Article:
View Full Version : When is an SNP not an SNP?

10-05-2015, 09:24 PM
Not sure if the 'General' forum is the right place for this, but it seemed too broad a question for any particular sub-forum so here goes.

Have been perusing the new 'Great Tree' diagram produced by BritainsDNA, and naturally looked first at my own Y-DNA, see below:


I'm the S3689 branch, traditionally known as L-21/DF63/CTS6919. However, in their diagram, there is no DF63 (otherwise known as S522 I believe).

They confirmed this in an email, stating that they...

...can confirm that your, and all S3689+ samples we have seen to date are coming out as S522- on chromo2. This indicates that the S522 SNP is not working, and we have now removed it from our list of working Y SNPs

This confuses me though. Are they saying that S522 doesn't exist upstream? In which case why are the other testing houses stating that it does exist? Who is correct? How can an SNP that seems reliable in one test, not be in another?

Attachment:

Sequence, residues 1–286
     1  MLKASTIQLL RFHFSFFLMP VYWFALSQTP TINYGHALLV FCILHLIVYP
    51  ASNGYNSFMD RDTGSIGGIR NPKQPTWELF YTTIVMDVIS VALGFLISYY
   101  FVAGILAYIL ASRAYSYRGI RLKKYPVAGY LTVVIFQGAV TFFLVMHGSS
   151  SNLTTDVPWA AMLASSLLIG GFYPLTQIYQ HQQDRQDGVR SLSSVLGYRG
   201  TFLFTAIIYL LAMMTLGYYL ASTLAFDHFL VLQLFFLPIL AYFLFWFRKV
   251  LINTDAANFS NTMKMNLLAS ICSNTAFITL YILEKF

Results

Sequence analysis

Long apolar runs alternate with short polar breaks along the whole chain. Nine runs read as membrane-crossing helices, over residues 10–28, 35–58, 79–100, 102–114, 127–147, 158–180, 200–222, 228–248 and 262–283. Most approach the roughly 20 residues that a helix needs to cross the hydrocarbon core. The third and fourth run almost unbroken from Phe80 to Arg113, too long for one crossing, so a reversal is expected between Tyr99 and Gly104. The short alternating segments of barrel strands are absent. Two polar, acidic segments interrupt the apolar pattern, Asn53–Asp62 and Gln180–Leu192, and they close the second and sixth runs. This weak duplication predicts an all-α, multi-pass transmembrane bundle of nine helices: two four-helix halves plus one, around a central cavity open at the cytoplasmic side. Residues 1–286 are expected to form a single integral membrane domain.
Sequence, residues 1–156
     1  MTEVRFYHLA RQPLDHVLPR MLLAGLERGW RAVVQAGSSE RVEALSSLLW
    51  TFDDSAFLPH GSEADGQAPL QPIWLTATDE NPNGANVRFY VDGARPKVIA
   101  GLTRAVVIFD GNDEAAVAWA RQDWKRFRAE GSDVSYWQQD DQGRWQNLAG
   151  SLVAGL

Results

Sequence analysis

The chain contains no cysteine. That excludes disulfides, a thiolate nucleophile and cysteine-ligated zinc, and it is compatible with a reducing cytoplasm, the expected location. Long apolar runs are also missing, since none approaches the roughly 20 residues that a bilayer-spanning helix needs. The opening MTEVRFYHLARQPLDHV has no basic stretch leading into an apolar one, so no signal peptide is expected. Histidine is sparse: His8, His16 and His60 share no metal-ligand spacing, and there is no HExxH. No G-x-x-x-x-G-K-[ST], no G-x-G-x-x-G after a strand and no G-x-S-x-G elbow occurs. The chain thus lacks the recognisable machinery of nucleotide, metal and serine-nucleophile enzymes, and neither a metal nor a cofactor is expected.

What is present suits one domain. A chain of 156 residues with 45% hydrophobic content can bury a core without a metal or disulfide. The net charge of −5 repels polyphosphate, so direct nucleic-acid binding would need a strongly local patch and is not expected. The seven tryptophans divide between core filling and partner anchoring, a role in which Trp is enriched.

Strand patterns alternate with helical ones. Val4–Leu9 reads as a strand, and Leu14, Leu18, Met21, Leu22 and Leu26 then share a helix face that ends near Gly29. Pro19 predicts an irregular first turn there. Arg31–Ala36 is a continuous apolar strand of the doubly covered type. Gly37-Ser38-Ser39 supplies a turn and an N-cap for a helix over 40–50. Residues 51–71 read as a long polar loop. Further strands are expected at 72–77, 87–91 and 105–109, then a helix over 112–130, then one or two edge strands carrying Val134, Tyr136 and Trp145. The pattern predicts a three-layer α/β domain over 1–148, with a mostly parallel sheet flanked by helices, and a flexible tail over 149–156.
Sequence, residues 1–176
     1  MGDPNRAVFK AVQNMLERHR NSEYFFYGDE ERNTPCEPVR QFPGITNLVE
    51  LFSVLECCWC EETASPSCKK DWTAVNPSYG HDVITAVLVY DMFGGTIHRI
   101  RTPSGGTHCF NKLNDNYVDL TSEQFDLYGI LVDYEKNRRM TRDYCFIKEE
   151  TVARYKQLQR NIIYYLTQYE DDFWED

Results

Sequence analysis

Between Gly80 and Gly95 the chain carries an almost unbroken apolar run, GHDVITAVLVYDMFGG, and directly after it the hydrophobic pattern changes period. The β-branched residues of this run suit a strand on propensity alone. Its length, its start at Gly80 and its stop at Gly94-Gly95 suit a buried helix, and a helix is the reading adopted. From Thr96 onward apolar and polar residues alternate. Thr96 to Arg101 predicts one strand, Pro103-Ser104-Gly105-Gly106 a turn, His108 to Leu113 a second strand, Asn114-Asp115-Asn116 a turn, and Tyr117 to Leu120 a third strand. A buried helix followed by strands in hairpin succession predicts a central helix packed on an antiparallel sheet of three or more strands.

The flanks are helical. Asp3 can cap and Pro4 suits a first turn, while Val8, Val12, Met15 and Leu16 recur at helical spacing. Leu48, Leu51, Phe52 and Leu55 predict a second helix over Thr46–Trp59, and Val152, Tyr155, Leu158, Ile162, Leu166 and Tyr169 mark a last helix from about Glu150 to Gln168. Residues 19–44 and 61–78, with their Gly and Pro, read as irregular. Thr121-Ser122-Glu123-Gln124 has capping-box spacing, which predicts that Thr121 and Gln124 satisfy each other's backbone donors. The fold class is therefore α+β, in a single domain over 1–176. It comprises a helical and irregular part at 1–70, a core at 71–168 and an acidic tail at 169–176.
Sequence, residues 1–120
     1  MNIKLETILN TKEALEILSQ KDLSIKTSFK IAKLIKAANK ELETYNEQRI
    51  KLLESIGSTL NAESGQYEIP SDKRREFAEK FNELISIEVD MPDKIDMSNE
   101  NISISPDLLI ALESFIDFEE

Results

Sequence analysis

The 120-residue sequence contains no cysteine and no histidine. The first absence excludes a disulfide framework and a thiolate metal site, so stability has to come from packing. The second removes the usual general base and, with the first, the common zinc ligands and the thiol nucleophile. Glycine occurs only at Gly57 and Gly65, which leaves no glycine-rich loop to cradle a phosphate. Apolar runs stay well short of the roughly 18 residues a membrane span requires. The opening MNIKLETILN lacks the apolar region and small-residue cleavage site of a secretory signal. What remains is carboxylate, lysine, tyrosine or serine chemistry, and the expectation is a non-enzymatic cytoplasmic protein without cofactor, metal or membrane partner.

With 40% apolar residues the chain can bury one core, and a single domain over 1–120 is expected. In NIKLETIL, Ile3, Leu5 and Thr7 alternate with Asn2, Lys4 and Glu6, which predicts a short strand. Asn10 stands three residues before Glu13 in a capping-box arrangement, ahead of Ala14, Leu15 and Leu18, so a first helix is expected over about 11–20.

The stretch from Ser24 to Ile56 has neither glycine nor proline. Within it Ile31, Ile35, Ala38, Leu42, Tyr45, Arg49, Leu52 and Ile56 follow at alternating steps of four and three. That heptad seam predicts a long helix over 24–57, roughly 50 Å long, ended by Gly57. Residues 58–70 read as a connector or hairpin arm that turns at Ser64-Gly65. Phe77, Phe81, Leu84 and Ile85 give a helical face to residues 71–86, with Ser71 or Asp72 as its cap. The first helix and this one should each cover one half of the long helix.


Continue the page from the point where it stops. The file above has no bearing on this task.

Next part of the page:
Sorry for the basic question. Am I misunderstanding the concept of SNPs?

J1 DYS388=13
10-06-2015, 04:57 AM
I've never heard of a "working Y SNP." It must mean that what they have set up on the Chromo2 chip isn't working.

Can you e-mail me a copy of the whole tree? I couldn't access the link ScotlandsDNA sent me, and now the link is gone. Thanks in advance. jimhoneychuck @ yahoo.co.uk

10-06-2015, 09:33 AM
Right, they mean "working on the Chromo2 chip". The chip can only detect a known ancestral or derived state using probes that bind directly adjacent to either side the SNP position. If the probes do not bind at all, a no-call is signaled. If the probes bind to multiple locations, an ambiguous call is signaled. If the probes bind to the incorrect position, either a no-call, an ambiguous call, or an erroneous call is signaled, but they do not know if it is actually erroneous, or the erroneous call is a false positive or a false negative, without knowing what call was to be expected at that position for any given sample.